A new $2.1-million investment from the federal government will help Dal researchers build on advances in precision cancer-treatment technology and bring them more quickly to patients in need around the world.
Andy Fillmore, Member of Parliament for Halifax, visited campus Friday to announce the funding through the government’s Atlantic Canada Opportunities Agency (ACOA) Atlantic Innovation Fund.
The investment marks the beginning of a new partnership between the Nova Scotia Health Authority (NSHA), where the Dal researchers are based, and Germany’s Brainlab AG — a medical technology giant that will commercialize the radiation treatment technologies in countries around the globe.
Faculty of Medicine researcher James Robar, chief of Medical Physics at the Nova Scotia Health Authority (NSHA) and director of Dal’s Medical Physics program, and his team will use the funds to expand their work on developing and improving technologies that allow doctors to deploy radiation treatment in more precise, less-invasive ways that improve patient outcomes.
“Although there is currently no definitive cure for cancer, it is through the work of researchers like Drs. Robar, [Christopher] Thomas, [Mike] Sattivariand and [Alasdair] Syme that we can improve the quality of treatment for people coping with cancer,” said Fillmore at the event, held in the atrium of Dal’s Life Sciences Research Institute.
A major investment
Drew Bethune, director of the NSHA’s Cancer Care Program and MC of Friday’s announcement, emphasized the importance of the government’s investment to the NSHA’s innovation efforts and the impact it will have on patient treatment.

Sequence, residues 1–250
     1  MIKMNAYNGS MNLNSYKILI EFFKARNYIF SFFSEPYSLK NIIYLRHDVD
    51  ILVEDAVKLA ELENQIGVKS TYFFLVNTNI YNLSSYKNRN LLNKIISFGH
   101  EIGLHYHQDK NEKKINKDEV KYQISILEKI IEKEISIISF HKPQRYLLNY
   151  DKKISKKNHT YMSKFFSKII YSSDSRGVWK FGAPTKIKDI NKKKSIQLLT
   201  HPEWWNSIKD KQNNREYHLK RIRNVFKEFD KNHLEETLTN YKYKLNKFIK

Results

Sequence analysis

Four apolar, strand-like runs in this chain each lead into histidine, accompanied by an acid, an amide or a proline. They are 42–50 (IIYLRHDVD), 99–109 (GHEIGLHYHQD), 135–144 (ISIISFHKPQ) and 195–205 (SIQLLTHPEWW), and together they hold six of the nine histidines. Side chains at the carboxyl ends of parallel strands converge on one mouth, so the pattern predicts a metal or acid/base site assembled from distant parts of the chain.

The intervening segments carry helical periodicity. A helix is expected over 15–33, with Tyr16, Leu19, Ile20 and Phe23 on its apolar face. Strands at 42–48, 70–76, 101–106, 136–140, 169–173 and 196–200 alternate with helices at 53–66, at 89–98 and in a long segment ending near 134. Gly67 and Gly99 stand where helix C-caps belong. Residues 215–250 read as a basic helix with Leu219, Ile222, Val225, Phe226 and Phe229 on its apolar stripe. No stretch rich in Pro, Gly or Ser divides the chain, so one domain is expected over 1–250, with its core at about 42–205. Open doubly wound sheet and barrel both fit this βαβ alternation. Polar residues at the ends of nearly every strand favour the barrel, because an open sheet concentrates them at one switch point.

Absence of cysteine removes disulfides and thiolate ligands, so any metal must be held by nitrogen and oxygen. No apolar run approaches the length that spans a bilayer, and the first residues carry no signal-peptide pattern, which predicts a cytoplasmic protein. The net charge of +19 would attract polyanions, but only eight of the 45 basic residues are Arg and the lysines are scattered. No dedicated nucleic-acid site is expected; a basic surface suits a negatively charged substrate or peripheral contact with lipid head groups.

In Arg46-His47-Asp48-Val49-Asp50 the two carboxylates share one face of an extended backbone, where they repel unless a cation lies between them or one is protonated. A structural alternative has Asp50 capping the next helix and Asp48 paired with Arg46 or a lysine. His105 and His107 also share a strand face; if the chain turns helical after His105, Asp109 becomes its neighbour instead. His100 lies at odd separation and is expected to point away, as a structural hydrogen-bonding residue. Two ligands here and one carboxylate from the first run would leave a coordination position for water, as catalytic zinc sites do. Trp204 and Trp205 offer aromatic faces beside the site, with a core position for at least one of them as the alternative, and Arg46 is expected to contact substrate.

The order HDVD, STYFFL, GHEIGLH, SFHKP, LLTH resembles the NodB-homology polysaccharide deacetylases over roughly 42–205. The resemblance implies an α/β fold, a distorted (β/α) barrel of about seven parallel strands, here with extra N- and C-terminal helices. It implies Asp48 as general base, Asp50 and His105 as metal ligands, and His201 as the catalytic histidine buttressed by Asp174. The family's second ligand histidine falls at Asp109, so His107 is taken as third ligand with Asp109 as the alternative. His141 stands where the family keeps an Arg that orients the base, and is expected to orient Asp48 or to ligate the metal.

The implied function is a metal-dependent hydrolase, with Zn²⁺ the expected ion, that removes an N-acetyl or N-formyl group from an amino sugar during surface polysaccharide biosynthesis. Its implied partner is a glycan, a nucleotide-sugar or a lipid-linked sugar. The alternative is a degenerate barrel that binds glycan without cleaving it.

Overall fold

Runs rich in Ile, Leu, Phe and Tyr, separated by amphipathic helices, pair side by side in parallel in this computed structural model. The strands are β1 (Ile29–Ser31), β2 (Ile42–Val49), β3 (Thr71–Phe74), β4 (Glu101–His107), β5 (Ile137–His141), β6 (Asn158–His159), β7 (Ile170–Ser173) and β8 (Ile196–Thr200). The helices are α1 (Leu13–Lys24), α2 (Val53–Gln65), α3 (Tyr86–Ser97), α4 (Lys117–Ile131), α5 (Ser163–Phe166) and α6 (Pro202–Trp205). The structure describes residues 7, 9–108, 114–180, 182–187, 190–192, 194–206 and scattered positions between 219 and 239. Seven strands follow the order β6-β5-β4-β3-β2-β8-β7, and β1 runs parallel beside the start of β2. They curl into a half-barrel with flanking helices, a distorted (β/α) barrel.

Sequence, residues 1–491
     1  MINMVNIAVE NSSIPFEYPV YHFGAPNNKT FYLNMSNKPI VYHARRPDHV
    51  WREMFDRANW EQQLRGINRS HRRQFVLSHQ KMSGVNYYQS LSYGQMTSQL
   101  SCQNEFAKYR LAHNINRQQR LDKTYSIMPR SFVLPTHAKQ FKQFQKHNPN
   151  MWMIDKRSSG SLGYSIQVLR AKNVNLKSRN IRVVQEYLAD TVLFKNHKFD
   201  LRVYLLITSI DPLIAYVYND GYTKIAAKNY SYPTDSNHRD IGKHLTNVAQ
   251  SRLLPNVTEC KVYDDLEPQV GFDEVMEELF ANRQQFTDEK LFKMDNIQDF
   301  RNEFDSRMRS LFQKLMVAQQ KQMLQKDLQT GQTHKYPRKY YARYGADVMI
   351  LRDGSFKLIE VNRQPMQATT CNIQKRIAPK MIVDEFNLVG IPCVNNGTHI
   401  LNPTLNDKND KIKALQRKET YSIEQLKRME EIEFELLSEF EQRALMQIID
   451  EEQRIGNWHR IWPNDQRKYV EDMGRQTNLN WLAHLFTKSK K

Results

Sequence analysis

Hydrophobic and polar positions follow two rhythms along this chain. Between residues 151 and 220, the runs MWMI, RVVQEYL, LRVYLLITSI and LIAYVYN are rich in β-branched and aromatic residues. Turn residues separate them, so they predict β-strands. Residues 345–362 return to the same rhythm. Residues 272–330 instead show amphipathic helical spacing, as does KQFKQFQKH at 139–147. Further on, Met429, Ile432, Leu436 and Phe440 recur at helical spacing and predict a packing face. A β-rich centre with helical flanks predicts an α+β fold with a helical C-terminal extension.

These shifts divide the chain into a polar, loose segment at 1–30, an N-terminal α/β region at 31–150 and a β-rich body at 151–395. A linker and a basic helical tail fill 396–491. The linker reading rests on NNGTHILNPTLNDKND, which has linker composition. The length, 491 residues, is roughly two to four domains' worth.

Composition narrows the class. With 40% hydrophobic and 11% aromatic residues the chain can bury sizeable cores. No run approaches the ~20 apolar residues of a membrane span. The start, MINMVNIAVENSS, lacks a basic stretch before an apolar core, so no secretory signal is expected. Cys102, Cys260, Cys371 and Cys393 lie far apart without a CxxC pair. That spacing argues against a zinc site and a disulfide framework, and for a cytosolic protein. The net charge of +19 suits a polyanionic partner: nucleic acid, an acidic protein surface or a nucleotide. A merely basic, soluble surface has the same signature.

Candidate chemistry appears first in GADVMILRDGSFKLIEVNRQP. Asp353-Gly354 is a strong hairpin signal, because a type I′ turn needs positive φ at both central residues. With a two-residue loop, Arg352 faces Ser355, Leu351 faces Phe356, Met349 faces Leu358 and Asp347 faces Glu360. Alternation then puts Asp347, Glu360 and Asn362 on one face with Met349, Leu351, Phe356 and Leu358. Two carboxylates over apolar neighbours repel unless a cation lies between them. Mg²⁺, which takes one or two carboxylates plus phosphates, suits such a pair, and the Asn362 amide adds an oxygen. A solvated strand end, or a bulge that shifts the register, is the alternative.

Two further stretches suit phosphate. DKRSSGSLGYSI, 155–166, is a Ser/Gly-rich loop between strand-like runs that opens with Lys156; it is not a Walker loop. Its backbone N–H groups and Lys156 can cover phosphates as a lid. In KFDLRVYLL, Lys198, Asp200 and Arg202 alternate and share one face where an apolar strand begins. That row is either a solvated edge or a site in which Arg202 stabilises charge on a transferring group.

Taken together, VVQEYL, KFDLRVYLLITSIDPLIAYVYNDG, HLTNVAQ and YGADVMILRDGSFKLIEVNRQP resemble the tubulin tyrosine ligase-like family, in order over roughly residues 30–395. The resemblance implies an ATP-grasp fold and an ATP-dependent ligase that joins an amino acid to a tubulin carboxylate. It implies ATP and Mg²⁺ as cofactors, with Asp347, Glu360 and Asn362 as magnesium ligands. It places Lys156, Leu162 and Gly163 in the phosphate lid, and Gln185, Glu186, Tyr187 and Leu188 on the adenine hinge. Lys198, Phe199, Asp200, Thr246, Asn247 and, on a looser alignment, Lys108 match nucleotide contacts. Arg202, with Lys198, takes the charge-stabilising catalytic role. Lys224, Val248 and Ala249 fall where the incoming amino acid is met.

“Research and innovation are not only important drivers of our economy, but give hope to those afflicted with serious disease,” he said.
Eight new employees, including a project manager, two medical physicists, an engineer and several PhD students, will be hired as part of the project, which will centre on developing and improving five key technologies over the next four years.
Dr. Robar provided attendees with a brief overview of each technology. They range from a capacitive patient-monitoring system that provides sensitive readouts many times a second about where a patient is during treatment to an algorithm that can enable more precisely target radiation treatments that result in less damage to surrounding healthy organs and tissue.
The latter technology — developed by PhD student Lee MacDonald and Drs. Robar and Thomas — is already in use in clinics around the world thanks to a licensing deal struck between Dal and Brainlab in April 2016. The ACOA funding will enable further development of the technology.
“We know that we have to move beyond and further than publishing papers and theses because we want these ideas to reach and benefit patients,” said Dr. Robar, crediting Brainlab for its help in giving his team a channel for technologies that “began as ideas on a whiteboard.”
Improving treatment for cancer patients
Brainlab, headquartered in Munich, Germany, offers software-driven medical technology services in more than 100 countries around the world and in 75 per cent of the top 1,000 cancer treatment centres in the world.
Stefan Vilsmeier, the company’s CEO and founder, called it a “fantastic day” for cancer patients worldwide.
“The areas that we have identified are in some ways the missing puzzle pieces in making cancer care better,” said Vilsmeier.
Vilsmeier said Dr. Robar and others at Dal, including Doris Grant in Dal’s Industry Liaison and Innovation office, have been integral to making the partnership such a success.
“There is something that really makes this relationship with this institution really special,” he said.
David Anderson, dean of Dal’s Faculty of Medicine, praised Dr. Robar and the other researchers for the important progress they’ve made in the field of cancer treatment.
“The significant investment made by the Government of Canada today will serve to strengthen and build on this important research,” he said.
Advancements in medical physics and radiotherapy have transformed cancer treatment and care in recent years — and through the work of Dr. Robar and his team, the most exciting advancements may be yet to come.
“If this trajectory keeps going, it’ll be amazing what we are going to see in the next few years thanks to what you are doing,” said Dr. Bethune of Dr. Robar’s team.
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